True, the kernel is the heart of the system. But what kernel that is is of less importance. The GNU system runs on POSIX compliant kernels.
    Imagine a man with a transgenic heart transplanted from a pig(not too far away); would you call him a pig? (not that I'd call him Human/Pig ;)
  • Its not trivial, and Torvalds and all the other Linux developers sure put in a great effort. The kernel internals are just not verry visible to the user, be it an normal or advanced user. Linux is POSIX compliant, that is it has the same system calls, filesystem structure, and device interface as most other Unices and Unixlike systems. And thats what the user/programmer sees most of the time. If you were to replace Linux for any other POSIX compliant kernel most ppl wouldnt notice the difference. If you were to replace all the userspace tools and programs however, the difference would be substantial.

    Why HURD hasnt gotten further I dont know. It was based on the MACH microkernel and should have had a head start. The sucess of Linux made it somewhat unecessary, and Linux has always drawn more developers. Im perfectly happy with the Linux kernel. However, with all this RMS, FSF, and GNU bashing lately I feel the importance of HURD growing again, just to get away from it all. The Linux community isn't what it used to be. I'd like to run a GNU only system.
  • This is ofcourse true.
    Bur replacing the userspace software with exact eqvialents (clones) is a far more complex matter than replacing the kernel with any other POSIX compliant kernel. The system as a whole (wich is what we're discussing) is far more userspace software than kernel, period. Still the kernel deserves to be emphasized - therefore its GNU/Linux.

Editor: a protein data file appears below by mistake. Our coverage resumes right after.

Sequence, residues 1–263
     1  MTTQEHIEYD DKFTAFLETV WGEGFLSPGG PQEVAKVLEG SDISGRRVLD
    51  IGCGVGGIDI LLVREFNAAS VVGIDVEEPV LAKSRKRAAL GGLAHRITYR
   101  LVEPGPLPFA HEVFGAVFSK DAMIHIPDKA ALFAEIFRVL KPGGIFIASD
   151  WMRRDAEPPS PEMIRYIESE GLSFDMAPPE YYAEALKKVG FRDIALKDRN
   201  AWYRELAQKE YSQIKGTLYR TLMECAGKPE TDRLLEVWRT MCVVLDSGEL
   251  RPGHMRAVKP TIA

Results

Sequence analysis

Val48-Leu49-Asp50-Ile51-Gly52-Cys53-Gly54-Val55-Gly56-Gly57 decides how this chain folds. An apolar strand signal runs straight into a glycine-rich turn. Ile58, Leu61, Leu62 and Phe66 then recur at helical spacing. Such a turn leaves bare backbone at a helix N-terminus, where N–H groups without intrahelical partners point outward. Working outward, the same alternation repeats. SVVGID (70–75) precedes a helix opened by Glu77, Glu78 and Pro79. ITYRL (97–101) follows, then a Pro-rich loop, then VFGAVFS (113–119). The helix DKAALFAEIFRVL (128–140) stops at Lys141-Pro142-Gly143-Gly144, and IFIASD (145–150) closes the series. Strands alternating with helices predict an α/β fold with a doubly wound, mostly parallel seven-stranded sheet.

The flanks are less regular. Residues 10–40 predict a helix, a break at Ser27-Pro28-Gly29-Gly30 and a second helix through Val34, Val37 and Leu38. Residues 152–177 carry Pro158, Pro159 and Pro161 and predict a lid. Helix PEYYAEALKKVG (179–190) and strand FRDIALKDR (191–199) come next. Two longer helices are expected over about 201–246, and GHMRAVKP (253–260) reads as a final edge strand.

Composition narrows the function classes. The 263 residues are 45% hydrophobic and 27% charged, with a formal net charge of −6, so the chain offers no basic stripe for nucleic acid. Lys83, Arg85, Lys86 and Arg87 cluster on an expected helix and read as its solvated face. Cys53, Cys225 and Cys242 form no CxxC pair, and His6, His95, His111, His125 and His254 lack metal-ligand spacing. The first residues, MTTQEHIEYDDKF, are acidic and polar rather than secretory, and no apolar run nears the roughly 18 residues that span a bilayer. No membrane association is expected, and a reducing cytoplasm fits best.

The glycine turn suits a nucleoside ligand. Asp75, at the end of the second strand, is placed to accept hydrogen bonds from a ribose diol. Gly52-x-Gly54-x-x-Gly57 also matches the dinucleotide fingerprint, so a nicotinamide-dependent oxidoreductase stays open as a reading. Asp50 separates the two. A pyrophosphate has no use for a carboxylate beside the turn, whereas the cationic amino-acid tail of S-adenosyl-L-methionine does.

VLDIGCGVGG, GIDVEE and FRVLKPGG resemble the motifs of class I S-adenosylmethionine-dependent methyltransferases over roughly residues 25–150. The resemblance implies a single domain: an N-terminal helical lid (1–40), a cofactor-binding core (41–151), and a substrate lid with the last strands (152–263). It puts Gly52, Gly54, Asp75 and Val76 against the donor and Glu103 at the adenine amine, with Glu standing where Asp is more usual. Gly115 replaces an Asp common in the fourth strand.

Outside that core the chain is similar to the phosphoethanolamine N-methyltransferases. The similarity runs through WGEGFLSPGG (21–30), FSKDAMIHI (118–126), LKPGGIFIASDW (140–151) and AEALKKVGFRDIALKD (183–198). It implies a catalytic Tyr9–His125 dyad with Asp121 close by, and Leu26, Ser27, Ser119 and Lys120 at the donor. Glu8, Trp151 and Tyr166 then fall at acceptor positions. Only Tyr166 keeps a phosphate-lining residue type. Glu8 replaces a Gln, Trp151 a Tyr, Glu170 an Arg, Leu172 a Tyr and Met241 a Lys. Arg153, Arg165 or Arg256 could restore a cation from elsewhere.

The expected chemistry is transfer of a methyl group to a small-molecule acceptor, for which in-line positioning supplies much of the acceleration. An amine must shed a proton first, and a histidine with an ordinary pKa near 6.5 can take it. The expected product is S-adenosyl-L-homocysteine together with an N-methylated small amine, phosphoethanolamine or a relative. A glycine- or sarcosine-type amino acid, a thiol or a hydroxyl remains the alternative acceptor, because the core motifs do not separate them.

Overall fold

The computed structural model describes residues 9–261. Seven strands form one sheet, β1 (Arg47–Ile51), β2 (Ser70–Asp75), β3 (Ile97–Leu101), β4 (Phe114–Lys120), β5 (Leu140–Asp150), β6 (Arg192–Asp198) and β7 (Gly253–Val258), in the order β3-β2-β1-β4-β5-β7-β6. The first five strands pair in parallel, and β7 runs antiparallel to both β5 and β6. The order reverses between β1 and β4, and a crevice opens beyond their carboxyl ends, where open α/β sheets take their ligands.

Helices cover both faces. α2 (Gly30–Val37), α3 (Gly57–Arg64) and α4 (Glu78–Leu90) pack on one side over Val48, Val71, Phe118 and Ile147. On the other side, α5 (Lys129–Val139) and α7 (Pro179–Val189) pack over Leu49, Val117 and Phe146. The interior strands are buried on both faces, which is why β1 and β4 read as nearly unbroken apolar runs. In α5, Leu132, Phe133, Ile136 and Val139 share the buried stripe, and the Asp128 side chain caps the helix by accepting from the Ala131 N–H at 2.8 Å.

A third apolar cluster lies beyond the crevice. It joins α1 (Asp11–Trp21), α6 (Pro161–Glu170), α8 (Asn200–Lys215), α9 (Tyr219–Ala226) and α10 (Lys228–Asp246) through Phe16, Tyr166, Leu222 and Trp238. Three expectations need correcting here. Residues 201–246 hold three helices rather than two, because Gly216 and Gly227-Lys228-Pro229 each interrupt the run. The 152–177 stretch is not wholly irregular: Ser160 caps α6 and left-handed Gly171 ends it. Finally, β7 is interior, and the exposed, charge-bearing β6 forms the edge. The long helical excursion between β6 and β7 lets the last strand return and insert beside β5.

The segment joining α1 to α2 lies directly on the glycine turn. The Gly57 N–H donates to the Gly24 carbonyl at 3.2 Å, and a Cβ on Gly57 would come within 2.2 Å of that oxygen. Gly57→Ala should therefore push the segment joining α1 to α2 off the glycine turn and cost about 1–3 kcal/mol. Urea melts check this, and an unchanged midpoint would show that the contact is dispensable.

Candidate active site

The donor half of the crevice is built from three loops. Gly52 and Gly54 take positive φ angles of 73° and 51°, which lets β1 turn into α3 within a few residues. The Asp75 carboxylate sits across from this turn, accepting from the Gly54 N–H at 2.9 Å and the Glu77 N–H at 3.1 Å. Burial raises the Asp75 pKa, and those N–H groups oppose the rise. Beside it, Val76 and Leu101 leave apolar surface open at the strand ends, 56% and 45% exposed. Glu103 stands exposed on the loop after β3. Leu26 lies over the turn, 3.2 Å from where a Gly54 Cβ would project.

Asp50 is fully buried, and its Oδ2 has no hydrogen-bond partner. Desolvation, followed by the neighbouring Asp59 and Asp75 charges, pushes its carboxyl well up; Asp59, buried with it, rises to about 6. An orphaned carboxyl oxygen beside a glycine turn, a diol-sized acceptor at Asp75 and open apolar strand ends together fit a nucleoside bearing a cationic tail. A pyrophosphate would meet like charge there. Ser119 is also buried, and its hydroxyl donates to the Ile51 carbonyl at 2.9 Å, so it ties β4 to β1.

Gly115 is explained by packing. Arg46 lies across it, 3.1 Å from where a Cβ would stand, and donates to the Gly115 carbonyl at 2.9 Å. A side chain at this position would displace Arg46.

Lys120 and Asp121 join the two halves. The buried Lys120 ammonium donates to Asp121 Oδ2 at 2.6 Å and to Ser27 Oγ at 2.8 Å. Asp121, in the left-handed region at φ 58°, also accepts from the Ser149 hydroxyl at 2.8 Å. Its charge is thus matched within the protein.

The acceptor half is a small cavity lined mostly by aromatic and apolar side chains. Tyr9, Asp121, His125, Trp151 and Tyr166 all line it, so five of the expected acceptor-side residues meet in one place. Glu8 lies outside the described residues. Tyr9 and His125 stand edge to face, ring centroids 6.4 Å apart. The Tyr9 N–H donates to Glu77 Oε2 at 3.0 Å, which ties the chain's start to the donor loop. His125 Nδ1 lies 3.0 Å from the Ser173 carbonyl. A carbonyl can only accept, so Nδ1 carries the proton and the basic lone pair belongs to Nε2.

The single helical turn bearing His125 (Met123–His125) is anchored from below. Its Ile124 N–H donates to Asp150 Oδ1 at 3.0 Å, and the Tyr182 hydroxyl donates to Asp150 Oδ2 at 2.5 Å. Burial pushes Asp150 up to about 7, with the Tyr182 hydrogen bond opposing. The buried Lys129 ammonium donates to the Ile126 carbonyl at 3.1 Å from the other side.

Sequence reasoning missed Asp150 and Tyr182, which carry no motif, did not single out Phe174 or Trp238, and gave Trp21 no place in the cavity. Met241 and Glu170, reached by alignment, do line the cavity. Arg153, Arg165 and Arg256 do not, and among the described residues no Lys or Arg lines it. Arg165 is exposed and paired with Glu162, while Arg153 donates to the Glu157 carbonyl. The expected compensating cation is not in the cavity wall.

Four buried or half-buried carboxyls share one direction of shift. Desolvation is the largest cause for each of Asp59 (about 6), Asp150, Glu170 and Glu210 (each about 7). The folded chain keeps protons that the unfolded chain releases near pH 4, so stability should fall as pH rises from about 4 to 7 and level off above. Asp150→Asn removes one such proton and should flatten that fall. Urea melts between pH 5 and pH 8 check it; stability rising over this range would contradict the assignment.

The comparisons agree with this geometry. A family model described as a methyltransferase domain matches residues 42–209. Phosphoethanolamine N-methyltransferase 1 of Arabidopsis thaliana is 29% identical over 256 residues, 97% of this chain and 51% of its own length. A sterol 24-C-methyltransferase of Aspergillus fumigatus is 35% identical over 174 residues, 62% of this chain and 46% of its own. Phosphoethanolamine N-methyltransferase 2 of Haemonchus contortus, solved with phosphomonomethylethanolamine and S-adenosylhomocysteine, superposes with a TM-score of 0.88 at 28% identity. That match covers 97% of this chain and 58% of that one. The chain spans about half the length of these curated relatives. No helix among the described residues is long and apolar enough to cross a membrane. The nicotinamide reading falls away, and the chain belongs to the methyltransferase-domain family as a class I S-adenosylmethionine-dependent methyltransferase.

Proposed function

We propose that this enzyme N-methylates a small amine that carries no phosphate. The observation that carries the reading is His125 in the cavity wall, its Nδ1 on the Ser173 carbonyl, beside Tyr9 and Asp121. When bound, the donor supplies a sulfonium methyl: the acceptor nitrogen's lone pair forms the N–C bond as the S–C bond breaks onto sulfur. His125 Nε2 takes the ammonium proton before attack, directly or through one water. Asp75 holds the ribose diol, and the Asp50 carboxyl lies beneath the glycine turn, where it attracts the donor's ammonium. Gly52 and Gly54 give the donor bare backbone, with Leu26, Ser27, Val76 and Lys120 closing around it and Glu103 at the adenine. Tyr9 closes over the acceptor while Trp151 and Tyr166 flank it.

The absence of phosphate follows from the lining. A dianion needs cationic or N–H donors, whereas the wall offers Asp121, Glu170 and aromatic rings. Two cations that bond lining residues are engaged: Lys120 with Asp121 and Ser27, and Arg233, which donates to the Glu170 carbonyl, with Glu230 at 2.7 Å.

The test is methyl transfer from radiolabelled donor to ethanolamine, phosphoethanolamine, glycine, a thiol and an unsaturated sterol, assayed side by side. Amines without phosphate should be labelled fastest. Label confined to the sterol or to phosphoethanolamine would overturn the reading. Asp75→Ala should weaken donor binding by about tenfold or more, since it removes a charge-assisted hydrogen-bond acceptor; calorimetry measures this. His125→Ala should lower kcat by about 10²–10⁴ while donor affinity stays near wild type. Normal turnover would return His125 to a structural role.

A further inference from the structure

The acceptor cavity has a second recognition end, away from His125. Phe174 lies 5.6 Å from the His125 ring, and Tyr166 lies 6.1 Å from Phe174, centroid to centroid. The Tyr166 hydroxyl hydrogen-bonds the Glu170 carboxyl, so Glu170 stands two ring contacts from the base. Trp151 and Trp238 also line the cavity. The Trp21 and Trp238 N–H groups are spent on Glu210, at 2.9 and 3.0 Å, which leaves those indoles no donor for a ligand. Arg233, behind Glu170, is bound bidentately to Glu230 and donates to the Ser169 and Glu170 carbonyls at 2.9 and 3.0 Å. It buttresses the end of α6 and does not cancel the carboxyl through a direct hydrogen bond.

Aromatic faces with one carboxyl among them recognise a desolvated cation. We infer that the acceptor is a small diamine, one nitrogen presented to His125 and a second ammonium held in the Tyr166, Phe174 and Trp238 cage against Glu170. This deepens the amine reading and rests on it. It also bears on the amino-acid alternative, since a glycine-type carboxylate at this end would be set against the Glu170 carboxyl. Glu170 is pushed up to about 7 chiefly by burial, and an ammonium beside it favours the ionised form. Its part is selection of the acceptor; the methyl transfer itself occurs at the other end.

• His life is described as a chain of avoidance of responsibilities. He doesn't want children because he doesn't want to work to make enough to support them.

    I hope you don't mean to imply that it is "responsible" to pollute the world with ever more suckers. If only more people would devote their lives to some mission instead of just selling away 40 years of their lives to corporations and/or popping out kids left and right.


  • having children and taking care of them, if done with love and keeping them first in your mind, can be one of the greatest self-sacrifices. I kind of long to have a kid (or two -- maybe), and I feel like I would make a good father, if given the chance. I love children.

    If you love children and you long to have them, then having them won't be "one of the greatest self-sacrifices". You want to have kids for the same reason other people want to have pets: to satisfy your own emotional needs.

    Now, if you, like me, hated kids, then having children would amount to a self-sacrifice.


  • However, you don't seem to realize what software RMS wrote:
    • gcc
    • gdb
    • emacs
    • command reimplementations (cp, sh..)
    • surely a lot of other things (shells, etc.)
    He wrote gcc, gdb, emacs and make. The utilities, bash and the C library were written by the FSF, but not by him personally. However, by far the most important thing he created is the GPL. A wonderful legal hack.


  • [Free code] is not more ethical than proprietary software

    It clearly is. Proprietary software licenses prohibit learning, improving, sharing and helping others. Free code does not. Learning, improving, sharing and helping are good things, therefore free code is more ethical.

    For that matter, it's worth pointing out that the GPL actually restricts my freedom! I cannot do just anything with GPL-ed code.